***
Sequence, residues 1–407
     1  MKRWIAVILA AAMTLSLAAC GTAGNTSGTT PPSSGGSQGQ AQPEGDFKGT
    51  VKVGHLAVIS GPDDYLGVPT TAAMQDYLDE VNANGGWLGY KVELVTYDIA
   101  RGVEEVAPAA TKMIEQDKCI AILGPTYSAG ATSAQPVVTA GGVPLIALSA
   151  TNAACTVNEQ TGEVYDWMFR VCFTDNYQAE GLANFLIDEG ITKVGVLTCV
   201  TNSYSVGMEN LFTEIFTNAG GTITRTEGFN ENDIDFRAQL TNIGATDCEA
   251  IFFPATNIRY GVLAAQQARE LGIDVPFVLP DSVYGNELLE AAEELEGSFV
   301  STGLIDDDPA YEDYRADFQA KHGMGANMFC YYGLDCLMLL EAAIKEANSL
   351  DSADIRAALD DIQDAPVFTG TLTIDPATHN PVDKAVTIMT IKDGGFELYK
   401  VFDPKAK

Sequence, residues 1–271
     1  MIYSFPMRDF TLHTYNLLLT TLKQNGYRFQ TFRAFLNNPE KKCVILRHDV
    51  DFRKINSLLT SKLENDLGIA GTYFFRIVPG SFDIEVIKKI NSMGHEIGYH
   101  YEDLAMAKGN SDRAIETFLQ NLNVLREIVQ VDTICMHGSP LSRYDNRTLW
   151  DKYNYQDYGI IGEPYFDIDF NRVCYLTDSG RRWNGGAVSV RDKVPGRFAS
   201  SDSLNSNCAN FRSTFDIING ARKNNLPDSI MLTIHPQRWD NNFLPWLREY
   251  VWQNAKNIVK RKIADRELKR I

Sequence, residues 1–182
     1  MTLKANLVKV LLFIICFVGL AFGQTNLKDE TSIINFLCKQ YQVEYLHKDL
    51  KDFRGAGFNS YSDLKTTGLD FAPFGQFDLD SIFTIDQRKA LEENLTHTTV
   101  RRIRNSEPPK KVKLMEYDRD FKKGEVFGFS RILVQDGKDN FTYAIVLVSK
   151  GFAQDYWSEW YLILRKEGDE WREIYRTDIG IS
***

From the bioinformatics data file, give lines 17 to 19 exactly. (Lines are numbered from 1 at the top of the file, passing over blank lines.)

   251  VWQNAKNIVK RKIADRELKR I

Sequence, residues 1–182
     1  MTLKANLVKV LLFIICFVGL AFGQTNLKDE TSIINFLCKQ YQVEYLHKDL